Sunday, December 18, 2011

Bond Stats Suggest US Economic Improvement

Ward McCarthy's Fixed Income Group at Jeffries (JEF) issued their bond market update last week.  To follow up our previous post on China's ability to forestall a hard landing, JEF had some good statistics from the U.S. Treasury on foreign holdings of Treasury securities.  As of the October 2011 reporting period, China's holdings of U.S. Treasury securities were $1.134 trillion.  The next biggest foreign holders were Japan at $979 billion and the U.K. at $408 billion.  Chinese holdings represented 24% of total foreign holdings, which might actually be an underestimate of their holdings because of the consistent upward revisions to Chinese holdings in the past.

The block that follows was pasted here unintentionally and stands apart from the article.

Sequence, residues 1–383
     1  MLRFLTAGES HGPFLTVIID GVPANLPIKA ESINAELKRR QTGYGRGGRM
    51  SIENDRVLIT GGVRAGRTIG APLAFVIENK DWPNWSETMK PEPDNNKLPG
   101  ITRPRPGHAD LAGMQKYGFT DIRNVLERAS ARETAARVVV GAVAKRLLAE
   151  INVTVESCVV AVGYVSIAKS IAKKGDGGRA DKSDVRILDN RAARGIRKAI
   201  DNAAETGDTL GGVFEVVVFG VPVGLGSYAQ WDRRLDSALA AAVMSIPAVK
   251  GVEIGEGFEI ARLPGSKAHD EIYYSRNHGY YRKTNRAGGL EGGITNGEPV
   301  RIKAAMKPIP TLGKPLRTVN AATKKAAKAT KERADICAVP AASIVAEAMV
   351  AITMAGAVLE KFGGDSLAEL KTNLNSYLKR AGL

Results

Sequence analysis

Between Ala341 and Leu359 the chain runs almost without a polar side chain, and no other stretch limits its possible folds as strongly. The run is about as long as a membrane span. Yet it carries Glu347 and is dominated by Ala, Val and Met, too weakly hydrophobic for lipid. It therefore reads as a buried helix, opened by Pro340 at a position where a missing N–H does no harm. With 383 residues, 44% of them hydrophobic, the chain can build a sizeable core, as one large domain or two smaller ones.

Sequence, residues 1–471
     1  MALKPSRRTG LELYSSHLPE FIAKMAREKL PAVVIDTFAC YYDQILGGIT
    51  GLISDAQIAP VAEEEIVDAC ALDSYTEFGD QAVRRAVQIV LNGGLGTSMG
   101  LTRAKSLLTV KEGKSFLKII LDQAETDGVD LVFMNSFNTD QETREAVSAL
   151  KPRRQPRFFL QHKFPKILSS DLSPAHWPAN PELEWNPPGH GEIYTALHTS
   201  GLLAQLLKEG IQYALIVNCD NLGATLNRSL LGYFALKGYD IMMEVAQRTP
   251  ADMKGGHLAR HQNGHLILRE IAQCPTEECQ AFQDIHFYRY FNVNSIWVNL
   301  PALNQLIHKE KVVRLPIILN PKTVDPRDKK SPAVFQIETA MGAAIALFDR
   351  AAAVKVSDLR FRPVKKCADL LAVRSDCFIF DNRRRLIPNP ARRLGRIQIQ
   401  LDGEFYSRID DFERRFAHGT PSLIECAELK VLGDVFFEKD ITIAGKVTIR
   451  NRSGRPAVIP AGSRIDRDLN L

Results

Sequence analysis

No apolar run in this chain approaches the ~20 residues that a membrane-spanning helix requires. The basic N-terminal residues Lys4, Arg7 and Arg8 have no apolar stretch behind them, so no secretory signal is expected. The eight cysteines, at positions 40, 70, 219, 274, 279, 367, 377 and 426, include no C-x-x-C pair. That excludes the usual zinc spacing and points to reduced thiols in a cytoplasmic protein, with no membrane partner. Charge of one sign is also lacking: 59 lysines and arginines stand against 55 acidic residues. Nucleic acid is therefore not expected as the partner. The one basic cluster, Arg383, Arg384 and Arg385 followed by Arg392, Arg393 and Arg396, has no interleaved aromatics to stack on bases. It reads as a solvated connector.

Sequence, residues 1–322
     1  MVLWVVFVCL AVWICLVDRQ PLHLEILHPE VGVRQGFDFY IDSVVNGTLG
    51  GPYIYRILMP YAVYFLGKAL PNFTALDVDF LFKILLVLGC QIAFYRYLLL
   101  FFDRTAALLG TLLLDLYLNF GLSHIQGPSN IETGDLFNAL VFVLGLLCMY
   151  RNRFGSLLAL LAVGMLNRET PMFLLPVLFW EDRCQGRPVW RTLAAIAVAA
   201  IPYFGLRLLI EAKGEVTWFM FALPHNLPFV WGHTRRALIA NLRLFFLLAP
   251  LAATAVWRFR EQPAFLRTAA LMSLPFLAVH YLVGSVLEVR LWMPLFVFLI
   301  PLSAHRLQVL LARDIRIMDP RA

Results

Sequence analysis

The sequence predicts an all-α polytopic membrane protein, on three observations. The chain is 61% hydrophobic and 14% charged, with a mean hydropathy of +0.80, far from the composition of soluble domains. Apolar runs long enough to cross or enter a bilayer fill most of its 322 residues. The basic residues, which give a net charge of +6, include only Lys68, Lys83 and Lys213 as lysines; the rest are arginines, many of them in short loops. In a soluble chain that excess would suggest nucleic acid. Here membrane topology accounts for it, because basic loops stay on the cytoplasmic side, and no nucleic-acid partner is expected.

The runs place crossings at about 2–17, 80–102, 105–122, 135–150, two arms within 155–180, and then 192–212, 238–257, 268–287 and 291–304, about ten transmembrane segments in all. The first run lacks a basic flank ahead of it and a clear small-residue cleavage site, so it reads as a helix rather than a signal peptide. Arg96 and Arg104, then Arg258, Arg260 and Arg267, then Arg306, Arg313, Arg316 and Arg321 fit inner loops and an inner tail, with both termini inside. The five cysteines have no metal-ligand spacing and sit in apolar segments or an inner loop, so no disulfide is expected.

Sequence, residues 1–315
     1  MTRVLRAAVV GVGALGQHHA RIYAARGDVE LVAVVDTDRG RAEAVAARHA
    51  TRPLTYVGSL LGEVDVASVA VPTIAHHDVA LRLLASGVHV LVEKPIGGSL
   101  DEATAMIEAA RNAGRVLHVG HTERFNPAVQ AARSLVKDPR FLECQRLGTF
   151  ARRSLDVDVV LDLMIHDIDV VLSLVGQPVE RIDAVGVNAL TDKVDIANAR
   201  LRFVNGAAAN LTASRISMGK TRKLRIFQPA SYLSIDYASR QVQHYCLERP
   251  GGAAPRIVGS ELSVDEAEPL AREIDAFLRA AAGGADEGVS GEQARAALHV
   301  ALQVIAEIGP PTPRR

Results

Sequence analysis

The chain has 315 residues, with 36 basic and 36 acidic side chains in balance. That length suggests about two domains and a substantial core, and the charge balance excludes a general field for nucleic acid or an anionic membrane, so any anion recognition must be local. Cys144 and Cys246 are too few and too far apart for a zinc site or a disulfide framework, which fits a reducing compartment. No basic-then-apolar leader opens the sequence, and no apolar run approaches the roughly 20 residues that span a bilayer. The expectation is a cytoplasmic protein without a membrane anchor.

Total Chinese holdings of foreign assets may be in excess of $2.5 trillion, although this estimate is not  for the same period from the U.S. Treasury.  The point is the same made in the previous post: there is a lot of high powered money to be put in service should the Chinese economy be subject to severe economic stresses from a collapse of its export markets in Europe and the U.S. 

McCarthy's group was fairly pessimistic about the U.S. recovery back in August, but they note that some bond market technicals suggest that bonds are discounting modest improvement in the U.S. economy from here.  They note, for example, JP Morgan's issue of a 30 year bond with the lowest coupon of any high quality, financial issuer since 2005.  JPM's coupon of 5.40% was 250 bp above the 30 year T bond. The group also suggests that investor appetite remains strong for high quality corporate paper in the primary market, particularly from financial issuers.  Go figure, but it's interesting data as the high quality corporate market winds down until Q1 2012.

No comments: